The implication of Rabbeinu Tam’s retraction on the mechayev of challa is open to interpretation. On the one hand, one may claim that while initially Rabbeinu Tam felt that the classification of arisoteichem was enough to obligate separation of challa, this was only to explain how the same product could be obligated in challa, but exempt from the beracha of hamotzi. Once Rabbeinu Tam concluded that cooked dough is both obligated in challa and qualifies as bread for hamotzi, perhaps only that which qualifies as bread is obligated in challa, and there is no separate trigger of arisoteichem. Alternatively, Rabbeinu Tam’s conclusion may have been a local retraction in hilchot berachot to make hamotzi on cooked dough. He may, however, maintain his position that there is a parameter separate from the classification of bread which obligates one to separate challa, the mechayev of arisoteichem.
To test which of these two options is correct, let us consider a scenario which involves a thick dough, but one that is clearly exempt from the beracha of hamotzi for technical reasons. The Gemara (Berachot 37b) implies that in order to qualify for the beracha of hamotzi, a product must have “torita denahama,” “the appearance of bread.” Would a cooked dough that lacks the appearance of bread be obligated in challa? Pasta is a prime example of such a product. Initially, a thick dough, resembling that of bread, is kneaded. Then, the dough is cut into thin strips, dried, and cooked in water. The resultant product bears little resemblance to bread and does not qualify as hamotzi. Must challa be separated from pasta dough?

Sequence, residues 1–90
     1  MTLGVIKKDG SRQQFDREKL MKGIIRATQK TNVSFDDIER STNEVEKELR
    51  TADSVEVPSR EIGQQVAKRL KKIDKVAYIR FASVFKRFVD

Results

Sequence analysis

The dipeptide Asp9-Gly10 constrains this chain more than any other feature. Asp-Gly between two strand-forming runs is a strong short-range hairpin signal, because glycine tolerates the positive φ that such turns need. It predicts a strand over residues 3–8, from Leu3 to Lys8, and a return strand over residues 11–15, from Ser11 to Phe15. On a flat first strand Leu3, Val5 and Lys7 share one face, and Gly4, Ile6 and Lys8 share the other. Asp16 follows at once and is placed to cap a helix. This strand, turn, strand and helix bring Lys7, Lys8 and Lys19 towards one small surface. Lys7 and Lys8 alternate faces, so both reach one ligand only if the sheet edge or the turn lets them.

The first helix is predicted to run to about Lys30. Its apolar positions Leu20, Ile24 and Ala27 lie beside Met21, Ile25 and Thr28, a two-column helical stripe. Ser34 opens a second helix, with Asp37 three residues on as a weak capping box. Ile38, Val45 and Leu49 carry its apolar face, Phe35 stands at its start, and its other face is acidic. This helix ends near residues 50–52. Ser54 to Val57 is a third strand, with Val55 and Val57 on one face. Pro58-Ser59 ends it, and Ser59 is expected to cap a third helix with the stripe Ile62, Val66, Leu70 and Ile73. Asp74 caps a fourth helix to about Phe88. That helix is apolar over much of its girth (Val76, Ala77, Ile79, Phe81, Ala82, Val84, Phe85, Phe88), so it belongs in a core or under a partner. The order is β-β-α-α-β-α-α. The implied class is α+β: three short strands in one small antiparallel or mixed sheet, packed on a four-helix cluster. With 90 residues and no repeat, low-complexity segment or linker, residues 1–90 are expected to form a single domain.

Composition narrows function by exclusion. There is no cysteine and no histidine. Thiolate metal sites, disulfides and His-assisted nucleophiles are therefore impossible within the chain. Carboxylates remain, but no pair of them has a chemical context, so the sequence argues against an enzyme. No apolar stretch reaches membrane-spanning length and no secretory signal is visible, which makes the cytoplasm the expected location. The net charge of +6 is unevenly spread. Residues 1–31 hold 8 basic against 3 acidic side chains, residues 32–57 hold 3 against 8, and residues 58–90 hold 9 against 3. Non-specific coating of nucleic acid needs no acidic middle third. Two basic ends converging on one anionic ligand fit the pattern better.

Rabbeinu Tam himself addresses this issue, ruling that challa must be separated from pasta dough. But Rabbeinu Yona disagrees; although he concurs with Rabbeinu Tam’s general rule that cooked dough is obligated in challa, he rules that pasta is exempt from challa because it lacks the appearance of bread. This dispute seemingly revolves around the aforementioned issue. Rabbeinu Tam sees it as plausible that a product may be obligated in challa even though it does not fall under the category of bread. Thus, he must hold that the obligation to separate challa can be generated simply by the thick dough (arisoteichem), even in the absence of bread. Rabbeinu Yona, conversely, maintains that the obligation to separate challa is only generated by bread. Therefore, pasta, which cannot be classified as bread due to its appearance, is exempt from challa.
Ramban: Intention Dependent
To review the rule of the Mishna, only bread which begins and ends as sufganin is exempt from challa; bread that either begins or ends as dough is obligated in challa. The Ramban takes issue with several aspects of Rabbeinu Tam’s interpretation of the Mishna. Ultimately, he concludes that the words of the Mishna do not allow for Rabbeinu Tam’s interpretation. Rather, the Ramban explains, the Mishna in its entirety deals only with belila ava (thick dough), as indicated by the first word in the Mishna, issa. Starting as dough or sufganin, therefore, does not refer to the consistency of the dough, but rather to the planned method (at the time of the dough’s creation) of heating the dough – baking in an oven or cooking in water/baking in the sun. Accordingly, ending as dough or sufganin refers to the method of heating the dough actually employed. With the Ramban’s definitions in mind, the Mishna means as follows: If a thick dough is kneaded with the intention of boiling it, and the dough is indeed ultimately boiled, it is exempt from challa. But if one either intended to boil the dough but ended up baking it, or intended to bake the dough but ended up boiling it, it is obligated in challa.
What triggers the obligation of challa according to the interpretation of the Ramban? Presumably, dough that one intended to boil, but ended up baking, is obligated in challa because the resultant product is bread. Conversely, the Ramban explains that dough that one intended to bake, but ended up boiling, is obligated in challa because although the final product is not bread, the obligation to separate challa already took effect from “sha’at gilgul,” the time that the dough was kneaded with the intention of baking it. Thus, according to the Ramban, one of two conditions can generate the obligation to separate challa from a thick dough: The product is bread, or the dough was kneaded with the intention of making bread.